|But not really. Source|
She: What can I wear to prevent sunburn?
He: A jacket!
As one of my friends noted, that's not a joke; that's sensible advice. The entire book was filled with these militantly unfunny offerings, prompting me to reflect with sympathy on the plight of the humor-impaired.
That thought was in my head again this week as I read an Atlantic article about Cambodian comedians who double as government mouthpieces. Here's a riotous quote from a popular comedy program cited in the article:
Krem: Phnom Penh municipality now has less garbage and is cleaner. Do you know who did that?I apologize if that hilarious punchline made you laugh so hard that you did yourself bodily injury. I myself am so amused I need to wipe off my computer screen due to an unfortunate snarfing incident. No, really. Please go on and tell us more hilarious stories about the government's civil programs! OK, snarking aside, I realize that a great deal of humor is culturally informed, and I will be the last person to claim that I have my thumb on the pulse of the Cambodian humor scene. But can I be alone in thinking the above exchange ... lacking?
Krem: It is because of Excellency Kep Chuktema, the governor. He has educated people and broadcast it on television not to litter, so now there is less garbage and no more bad smell.
According to The Atlantic, this yukfest is a common occurrence in Cambodia, where "comedians" often double as bodyguards for the nation's prime minister. Or, to be more accurate, the government's armed bodyguards frequently perform on comedy programs.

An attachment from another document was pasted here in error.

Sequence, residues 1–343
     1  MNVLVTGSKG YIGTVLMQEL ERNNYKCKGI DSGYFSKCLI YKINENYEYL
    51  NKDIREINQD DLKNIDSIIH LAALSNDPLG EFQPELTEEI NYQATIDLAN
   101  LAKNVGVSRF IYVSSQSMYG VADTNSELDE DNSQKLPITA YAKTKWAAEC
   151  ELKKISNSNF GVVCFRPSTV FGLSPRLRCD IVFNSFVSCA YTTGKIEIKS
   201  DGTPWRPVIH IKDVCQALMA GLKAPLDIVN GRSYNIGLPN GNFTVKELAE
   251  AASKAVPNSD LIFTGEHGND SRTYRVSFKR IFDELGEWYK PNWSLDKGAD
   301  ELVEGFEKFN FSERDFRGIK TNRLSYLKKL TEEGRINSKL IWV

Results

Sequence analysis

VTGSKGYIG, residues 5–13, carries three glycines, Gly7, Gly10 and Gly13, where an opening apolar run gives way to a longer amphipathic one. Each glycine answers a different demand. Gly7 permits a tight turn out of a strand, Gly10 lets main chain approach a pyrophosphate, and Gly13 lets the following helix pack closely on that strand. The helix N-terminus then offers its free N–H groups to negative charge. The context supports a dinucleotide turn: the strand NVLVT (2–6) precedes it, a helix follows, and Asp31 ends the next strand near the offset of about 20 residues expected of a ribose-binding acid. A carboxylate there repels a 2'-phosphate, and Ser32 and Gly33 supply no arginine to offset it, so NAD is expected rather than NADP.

As writer Julia Wallace notes, "The country's dozens of 'colonel comedians' underscore the extent to which [prime minister] Hun Sen and his CPP have consolidated power over the past two decades, successfully marginalizing not just rival politicians but also dissenting artistic and cultural voices."
Because nothing shuts down a heckler faster than a comedian who's packing heat.
The article focuses mostly on the domestic impact of the state-centric "comedy," but there's a takeaway for all people involved in message transmission, be it domestic or international.
On the one hand, it's nice to see that Australian reporters don't have a lock on misdirected attempts at humor, but I do think this is a limited strategy. By all means, use humor to make a point, but propaganda with a punchline falls into a category that's all its own. If I may paraphrase: explaining political policy through a joke is like dissecting a frog; you understand it better, but the frog dies of it.